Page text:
By Rajiva Wijesinha –
Ceylon Today asked several questions with regard to the impeachment. Though its assumption that the UN High Commissioner for Human Rights was going to meet Shirani Bandaranayaka may have been misplaced, it seemed necessary to answer the questions and also to reproduce the full answers since some of what I said was edited out.
1. Reports indicate that the High Commissioner is going to meet deposed Chief Justice Shirani Bandaranayake during her visit. Isn’t this a clear snub to the government which has consistently attempted to vilify and condemn her?
Given the controversy the impeachment caused, it is understandable that the High Commissioner would want to meet Mrs Bandaranayake.
2. Obviously Pillay meeting Dr. Bandaranayke will be interpreted as a show of tacit support and an acknowledgment that she was unjustly and arbitrarily removed from her post. Do you think the President will interpret her moves to visit Dr. Bandaranayake in this manner or else how do you think he will view it?
I think he will understand that the High Commissioner is working in terms of her mandate. I hope however that government people who meet her will be able to show the rationale for the impeachment.
3. Do you think the government is unhappy that Pillay is going to meet the former Chief Justice?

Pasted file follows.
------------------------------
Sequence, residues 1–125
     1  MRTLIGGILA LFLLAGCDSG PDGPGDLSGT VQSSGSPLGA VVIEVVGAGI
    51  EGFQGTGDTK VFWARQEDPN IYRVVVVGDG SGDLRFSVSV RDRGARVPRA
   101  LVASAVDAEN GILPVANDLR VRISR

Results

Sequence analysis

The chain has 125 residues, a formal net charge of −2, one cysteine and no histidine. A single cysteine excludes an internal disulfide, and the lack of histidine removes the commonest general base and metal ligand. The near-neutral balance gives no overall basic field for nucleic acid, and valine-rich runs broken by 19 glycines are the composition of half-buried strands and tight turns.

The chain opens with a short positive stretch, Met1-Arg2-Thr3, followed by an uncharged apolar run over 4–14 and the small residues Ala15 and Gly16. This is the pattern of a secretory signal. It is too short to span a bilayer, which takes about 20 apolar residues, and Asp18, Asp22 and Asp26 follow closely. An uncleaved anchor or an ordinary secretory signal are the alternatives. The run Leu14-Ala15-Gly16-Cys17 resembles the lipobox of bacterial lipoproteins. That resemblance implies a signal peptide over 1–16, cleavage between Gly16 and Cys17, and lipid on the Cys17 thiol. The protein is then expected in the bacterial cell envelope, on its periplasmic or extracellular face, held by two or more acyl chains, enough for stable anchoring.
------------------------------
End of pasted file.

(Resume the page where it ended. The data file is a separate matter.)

There will be some people in government who will be unhappy with anything Ms Pillay does.
4. Several independent international legal analysts and commentators including diplomatic missions have voiced the view that Dr. Bandaranayke is being unduly persecuted post-impeachment . They have voiced the view that the charges leveled against her by the Bribery Commission are fake. What do you have to say about this and do you agree?
I have not been following the recent charges against her, but at the time I thought that there were several things Dr Bandaranayake had done that were unsuitable for a Chief Justice and which needed investigation. However, given that the Bribery Commission has informed COPE in several instances that matters we brought to their notice do not warrant indictments, I wish they used the same standards they seem to be applying to Dr Bandaranayake in all cases.
5. Obviously both Pillay and a large chunk of the international community view the impeachment as a sort of ‘witch trial’ with Pillay herself expressing serious concern over the impeachment. What do you think the international community viewed the impeachment this way?
This question relates I assume to the impeachment itself, which should certainly have been better handled, if only to fulfil the ringing assertion of the PSC that ‘the appearance of bias, even if there is no actual bias’, is sufficient to taint a decision.
Unfortunately the Standing Order about impeachments is absurd, and indeed the Leader of the Opposition informed me they had introduced it to frighten Neville Samarakoon and, after he was frightened, they did not introduce what should have been the more important part relating to investigation. Typical of the amateur approach of both government and opposition is that, though all agreed at the time that the Standing Order needed to be changed, nothing was done about this. My pleas to the Speaker to reconvene the Committee on Standing Orders to make necessary adjustments fell on deaf ears, so I have now introduced some amendments myself.